In search of a respite from the chill of Vienna, I retreat indoors into one of the city’s living rooms, the kaffehäus. For centuries these spaces have seen Vienna discuss, argue, write, compose and idle the day away over a newspaper, steaming brew and perhaps even a slice of cake. Coffeehouses in Vienna are institutions in themselves; cultural attractions where admission comes by way of a waiter in a tux. Just as Paris has its bistros and London its tearooms, Vienna has its coffeehouses. If you are visiting Vienna for the first time and in search of a hot beverage, here’s what you'll need to know about the Viennese coffeehouse tradition.
A Bit of Caffeinated History: Part of the Vienna coffeehouse experience comes through understanding a bit of the history behind these institutions. The city supposedly grew addicted to a cup of Joe after a failed Ottoman siege in 1683. When Vienna was victorious over the Turkish forces, they snatched up bags of coffee beans that the Turks had brought with them, so the story goes. The first documented coffeehouse in Vienna dates back to 1685 when a man began serving coffee out of his house. Some argue that the idea of the Viennese coffeehouse was born long before the invasion. Regardless, these spaces became cultural icons in town by the 19th century as a who’s who in Vienna and Europe would gather in them over a coffee.
The Five Star Style: After a long morning of touring Vienna in your jeans and T-shirt, you might step into a Vienna coffeehouse and think you are a tad under dressed. While some coffeehouse still boast the original style of being a dark and somewhat gloomy place, many look more like palaces today. You won’t be hard press to find one of these institutions with marble pillars, glittering chandeliers and furniture more fitting for a museum exhibit than a coffeehouse. However, this is the style of many coffeehouses in town. The waiters mostly adorn in tuxedos, harking on the Habsburg days when the coffeehouses in Vienna were spaces for the intellectual, artistic, scientific, economic, and political elite. When the Habsburg Empire fell apart, these traditions for opulence within a simple coffeehouse remained. Many feature newspapers for reading and a cozy atmosphere where a stranger could be at your table or dangerously close to it.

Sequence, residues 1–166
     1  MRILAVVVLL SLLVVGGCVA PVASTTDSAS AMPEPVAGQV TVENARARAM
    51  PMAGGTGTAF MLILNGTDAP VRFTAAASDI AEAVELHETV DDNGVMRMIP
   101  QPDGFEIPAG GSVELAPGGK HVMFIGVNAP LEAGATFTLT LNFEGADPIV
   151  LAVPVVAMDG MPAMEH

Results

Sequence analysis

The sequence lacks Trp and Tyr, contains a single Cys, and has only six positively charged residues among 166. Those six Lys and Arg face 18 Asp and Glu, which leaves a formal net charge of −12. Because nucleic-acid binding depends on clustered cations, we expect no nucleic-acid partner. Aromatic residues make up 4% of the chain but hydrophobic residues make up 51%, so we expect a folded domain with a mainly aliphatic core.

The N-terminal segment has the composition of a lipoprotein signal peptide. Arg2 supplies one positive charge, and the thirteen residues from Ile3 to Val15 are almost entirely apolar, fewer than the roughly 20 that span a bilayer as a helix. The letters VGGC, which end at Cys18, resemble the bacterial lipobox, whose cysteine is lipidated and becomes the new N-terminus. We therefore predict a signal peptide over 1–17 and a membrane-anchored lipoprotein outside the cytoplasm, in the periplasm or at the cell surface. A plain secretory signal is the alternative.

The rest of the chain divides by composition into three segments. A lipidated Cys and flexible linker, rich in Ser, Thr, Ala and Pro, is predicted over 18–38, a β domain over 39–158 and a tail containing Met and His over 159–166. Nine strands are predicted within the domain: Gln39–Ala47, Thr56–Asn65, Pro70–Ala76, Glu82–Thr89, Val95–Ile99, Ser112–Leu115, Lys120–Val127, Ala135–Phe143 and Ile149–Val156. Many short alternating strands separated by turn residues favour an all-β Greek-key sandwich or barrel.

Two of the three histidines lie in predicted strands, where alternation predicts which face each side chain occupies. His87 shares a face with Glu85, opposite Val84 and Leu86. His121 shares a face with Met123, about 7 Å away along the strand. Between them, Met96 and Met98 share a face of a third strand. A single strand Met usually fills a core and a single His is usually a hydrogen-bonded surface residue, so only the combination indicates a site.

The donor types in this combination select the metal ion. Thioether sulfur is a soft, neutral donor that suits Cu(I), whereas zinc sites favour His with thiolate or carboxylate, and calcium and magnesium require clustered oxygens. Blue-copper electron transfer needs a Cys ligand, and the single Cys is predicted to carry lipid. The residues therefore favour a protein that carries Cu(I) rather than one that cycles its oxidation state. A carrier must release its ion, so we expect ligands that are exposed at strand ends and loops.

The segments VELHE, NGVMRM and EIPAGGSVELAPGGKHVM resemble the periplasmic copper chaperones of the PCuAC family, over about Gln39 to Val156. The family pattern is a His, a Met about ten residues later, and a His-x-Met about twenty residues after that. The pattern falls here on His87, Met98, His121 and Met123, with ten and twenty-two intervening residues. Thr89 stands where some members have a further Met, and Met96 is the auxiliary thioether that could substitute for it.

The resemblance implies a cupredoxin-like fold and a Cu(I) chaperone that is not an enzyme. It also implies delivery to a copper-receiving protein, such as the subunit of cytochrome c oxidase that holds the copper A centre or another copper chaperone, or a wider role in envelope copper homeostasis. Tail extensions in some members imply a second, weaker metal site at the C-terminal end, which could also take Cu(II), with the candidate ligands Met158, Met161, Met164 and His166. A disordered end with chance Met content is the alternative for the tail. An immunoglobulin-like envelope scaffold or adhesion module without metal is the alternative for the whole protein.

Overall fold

The Silver Trays and Treats: Most Vienna coffeehouses don’t just throw you a cup of coffee in a paper cup. Not only will your brew arrive by way of the arms of a tuxedo-clad waiter, but also it just might arrive on a silver tray. Some coffeehouses in Vienna still utilize the silver tray tradition. Your cup of coffee is served on these trays along with a little glass of water. The idea behind the water is that it refreshes the palate and brings out the delicious taste of coffee. If you order cream on the side, it will also come in miniature, usually in a small pitcher. Also, it is not uncommon to find sweet treats in Vienna’s coffeehouses. In a city that came up with the Sachertorte, you can expect the coffeehouses to have their priorities straight with sweets. Many will even serve light meals.
The Coffee and the Houses: Vienna is littered in coffeehouses throughout the old city and even in the suburbs. Some of the famous include Café Bräunerhof. The café was a favorite of novelist Thomas Bernhard. The wrinkled old newspapers and dark interiors of Café Hawelka have long attracted travelers and locals. And the literati have enjoyed a good cup and conversation at the grand Café Central. On a recent trip to Vienna, I noticed that when it comes to ordering in these spaces, the waiter generally stands at your table without a menu, waiting for your order. You can quickly sound like you know what you are doing by ordering a brauner, black espresso served with cream.
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